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Rajni Lerman '82 - Founder of Hot Springs Farmers Market




Local foods production gains ground with consumers since pandemic


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Hot Springs Farmers Market

The Hot Springs (South Dakota) Farmers Market is growing in popularity with both vendors and consumers. Photo contributed by Rajni Lerman, Hot Springs Farmers Market manager.

It was the lack of a farmers market that prompted New York native Rajni Lerman to start one in Hot Springs, South Dakota. Lerman grew up going to the farmers market in Syracuse with her mother, and continued frequenting them when she later lived in Colorado. But, when she moved to rural, western South Dakota, there was no farmers market nearby.


Instead, growers were individually selling their produce at roadside stands, Lerman said. She gathered the growers together, and in 2017, founded the Hot Springs Farmers Market. Lerman manages the market, which runs from July through the first week of October.


“I’ve always been an advocate for local food because I think it’s the healthiest way to feed a community because of the biodiversity,” Lerman said, noting that small farmers typically grow a variety of crops in rotation.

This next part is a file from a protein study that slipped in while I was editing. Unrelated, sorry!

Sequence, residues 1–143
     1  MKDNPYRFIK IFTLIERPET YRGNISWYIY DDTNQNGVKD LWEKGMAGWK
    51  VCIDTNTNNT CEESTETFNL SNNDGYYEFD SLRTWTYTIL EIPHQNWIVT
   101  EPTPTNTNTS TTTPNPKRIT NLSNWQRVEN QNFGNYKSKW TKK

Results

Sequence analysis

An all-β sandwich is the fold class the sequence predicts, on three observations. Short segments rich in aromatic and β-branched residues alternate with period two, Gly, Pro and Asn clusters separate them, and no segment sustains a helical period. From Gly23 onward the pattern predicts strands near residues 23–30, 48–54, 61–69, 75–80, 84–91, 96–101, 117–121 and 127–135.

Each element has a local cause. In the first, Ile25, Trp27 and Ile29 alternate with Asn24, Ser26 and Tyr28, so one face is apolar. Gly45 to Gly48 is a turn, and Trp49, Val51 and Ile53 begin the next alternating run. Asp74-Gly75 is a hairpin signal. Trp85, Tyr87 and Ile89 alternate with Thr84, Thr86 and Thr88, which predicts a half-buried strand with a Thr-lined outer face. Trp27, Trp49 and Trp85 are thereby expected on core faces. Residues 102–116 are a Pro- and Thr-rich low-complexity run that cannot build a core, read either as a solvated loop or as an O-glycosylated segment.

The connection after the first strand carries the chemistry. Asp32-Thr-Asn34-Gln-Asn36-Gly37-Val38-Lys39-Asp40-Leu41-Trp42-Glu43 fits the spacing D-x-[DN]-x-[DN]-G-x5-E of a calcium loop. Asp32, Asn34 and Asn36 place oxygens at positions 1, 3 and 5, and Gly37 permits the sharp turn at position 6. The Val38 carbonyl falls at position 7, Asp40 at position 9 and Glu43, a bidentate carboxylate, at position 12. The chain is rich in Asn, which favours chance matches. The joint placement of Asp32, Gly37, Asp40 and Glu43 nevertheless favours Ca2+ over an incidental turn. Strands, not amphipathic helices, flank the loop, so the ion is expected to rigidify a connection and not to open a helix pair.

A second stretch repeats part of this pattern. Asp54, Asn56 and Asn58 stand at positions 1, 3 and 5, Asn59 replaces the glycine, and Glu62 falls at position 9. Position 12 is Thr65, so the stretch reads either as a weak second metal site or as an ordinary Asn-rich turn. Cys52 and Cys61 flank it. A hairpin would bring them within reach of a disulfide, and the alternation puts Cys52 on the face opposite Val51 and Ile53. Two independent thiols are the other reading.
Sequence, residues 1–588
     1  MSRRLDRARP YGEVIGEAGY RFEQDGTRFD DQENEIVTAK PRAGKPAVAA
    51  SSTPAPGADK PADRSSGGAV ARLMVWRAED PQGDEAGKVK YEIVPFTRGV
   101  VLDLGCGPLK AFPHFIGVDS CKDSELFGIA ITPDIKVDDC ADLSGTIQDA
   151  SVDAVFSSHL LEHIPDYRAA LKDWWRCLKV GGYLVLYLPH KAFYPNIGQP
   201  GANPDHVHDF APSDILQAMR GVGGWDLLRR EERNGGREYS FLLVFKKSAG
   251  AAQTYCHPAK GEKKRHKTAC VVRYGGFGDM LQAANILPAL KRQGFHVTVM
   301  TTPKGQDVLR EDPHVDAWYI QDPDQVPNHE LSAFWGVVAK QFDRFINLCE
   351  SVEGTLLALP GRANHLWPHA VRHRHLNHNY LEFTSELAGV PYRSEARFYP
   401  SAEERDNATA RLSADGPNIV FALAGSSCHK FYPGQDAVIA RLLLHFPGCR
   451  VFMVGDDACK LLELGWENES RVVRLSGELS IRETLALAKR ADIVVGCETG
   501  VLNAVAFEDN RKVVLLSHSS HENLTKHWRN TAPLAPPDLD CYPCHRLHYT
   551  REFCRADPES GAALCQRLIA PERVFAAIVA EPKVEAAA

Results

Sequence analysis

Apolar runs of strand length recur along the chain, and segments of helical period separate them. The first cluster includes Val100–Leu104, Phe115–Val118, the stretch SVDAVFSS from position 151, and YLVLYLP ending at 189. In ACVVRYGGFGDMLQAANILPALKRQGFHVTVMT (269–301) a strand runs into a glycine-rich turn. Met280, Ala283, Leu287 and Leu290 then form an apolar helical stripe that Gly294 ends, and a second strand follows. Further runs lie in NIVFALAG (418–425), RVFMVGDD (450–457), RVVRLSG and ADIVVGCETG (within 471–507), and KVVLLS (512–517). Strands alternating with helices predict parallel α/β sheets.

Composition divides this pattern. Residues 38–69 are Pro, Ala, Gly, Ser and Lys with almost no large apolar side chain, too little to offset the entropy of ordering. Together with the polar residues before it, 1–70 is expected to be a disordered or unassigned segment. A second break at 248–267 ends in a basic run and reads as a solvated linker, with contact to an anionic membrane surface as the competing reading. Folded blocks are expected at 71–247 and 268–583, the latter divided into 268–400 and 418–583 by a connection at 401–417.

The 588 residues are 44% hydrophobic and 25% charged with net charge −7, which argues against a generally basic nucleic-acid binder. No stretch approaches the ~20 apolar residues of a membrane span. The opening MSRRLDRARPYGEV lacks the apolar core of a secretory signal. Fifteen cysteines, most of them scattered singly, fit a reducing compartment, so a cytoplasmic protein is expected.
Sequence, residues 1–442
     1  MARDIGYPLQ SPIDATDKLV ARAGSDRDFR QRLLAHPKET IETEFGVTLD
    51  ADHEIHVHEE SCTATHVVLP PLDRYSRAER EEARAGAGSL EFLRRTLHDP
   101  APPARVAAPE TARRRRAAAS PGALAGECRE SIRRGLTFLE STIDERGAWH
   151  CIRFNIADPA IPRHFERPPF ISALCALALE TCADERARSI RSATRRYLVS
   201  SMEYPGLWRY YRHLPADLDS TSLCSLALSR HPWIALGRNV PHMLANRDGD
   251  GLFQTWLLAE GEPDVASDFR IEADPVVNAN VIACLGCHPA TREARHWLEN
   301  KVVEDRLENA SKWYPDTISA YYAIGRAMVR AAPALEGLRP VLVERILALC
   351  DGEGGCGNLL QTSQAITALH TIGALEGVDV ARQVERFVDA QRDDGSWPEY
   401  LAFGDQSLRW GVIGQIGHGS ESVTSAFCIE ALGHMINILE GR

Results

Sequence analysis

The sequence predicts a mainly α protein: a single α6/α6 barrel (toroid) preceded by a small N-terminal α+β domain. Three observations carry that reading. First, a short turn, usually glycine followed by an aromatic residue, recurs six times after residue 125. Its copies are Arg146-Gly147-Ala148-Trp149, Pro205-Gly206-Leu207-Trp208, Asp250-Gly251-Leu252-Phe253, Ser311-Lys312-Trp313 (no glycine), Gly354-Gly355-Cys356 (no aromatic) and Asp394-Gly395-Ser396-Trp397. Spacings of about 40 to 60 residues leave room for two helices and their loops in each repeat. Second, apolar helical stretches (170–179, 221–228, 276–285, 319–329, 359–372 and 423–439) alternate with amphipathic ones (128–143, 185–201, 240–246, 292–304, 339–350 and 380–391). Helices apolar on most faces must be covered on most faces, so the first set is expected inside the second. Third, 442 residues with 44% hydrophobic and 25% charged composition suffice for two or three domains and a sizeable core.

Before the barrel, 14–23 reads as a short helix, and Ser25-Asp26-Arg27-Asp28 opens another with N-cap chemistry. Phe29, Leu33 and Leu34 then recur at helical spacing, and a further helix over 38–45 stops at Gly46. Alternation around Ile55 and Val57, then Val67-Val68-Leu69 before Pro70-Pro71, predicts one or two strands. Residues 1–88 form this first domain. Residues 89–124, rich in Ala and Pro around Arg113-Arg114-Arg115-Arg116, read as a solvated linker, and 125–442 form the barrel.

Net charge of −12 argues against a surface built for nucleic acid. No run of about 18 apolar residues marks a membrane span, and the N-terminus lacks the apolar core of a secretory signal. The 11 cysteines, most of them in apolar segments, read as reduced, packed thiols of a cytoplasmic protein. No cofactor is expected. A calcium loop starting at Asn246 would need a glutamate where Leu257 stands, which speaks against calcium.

The Hot Spring Farmers Market has encouraged the start-up of produce and baking businesses and has fostered community spirit, Lerman said. Besides selling fresh produce, canned goods and artwork, the farmers market also has activities for children and hosts educational programs.


“It’s just a really beautiful event,” she said


The farmers market attracts both local shoppers and Black Hills tourists and the number of vendors, which includes a couple of young people, is growing, she said.

Research has shown that Millennials are interested in not only growing, but also eating healthy food and feel a sense of responsibility to buy locally because it stimulates their communities’ economies, Myrdal said.


Generation Z, the next youngest generation, meanwhile, has taken that to another level and often posts on social media about their preference for knowing where the food they’re eating originates.


“It’s just this whole shift in people wanting to have a closer relationship with growers. I think it’s human nature,” Myrdal said.


Like Myrdal, Lerman also believes that consumers and farmers benefit from the connections they make through local foods sales.


“When you meet with the farmers who are growing the food and you can ask them questions, it just creates a healthier system for humans and for the system that we’re part of,” Lerman said.


One of the challenges that local foods producers in South Dakota face is that growers who want to preserve their products by canning it have difficulties because of the state’s cottage food industry laws, she said.


Lerman, who also is a member of Dakota Rural Action, said the organization is working to make it a simpler, yet still safe, process for growers to make and sell their products.


Across the northern border of South Dakota, growers in North Dakota face the challenge of a short, sometimes harsh growing season, which makes it difficult to sustain a business for more than a few months, Merrick said.


Growers, such as the Wedels, are working to overcome that challenge by growing hydroponically in greenhouses. Others grow their produce in high tunnels.

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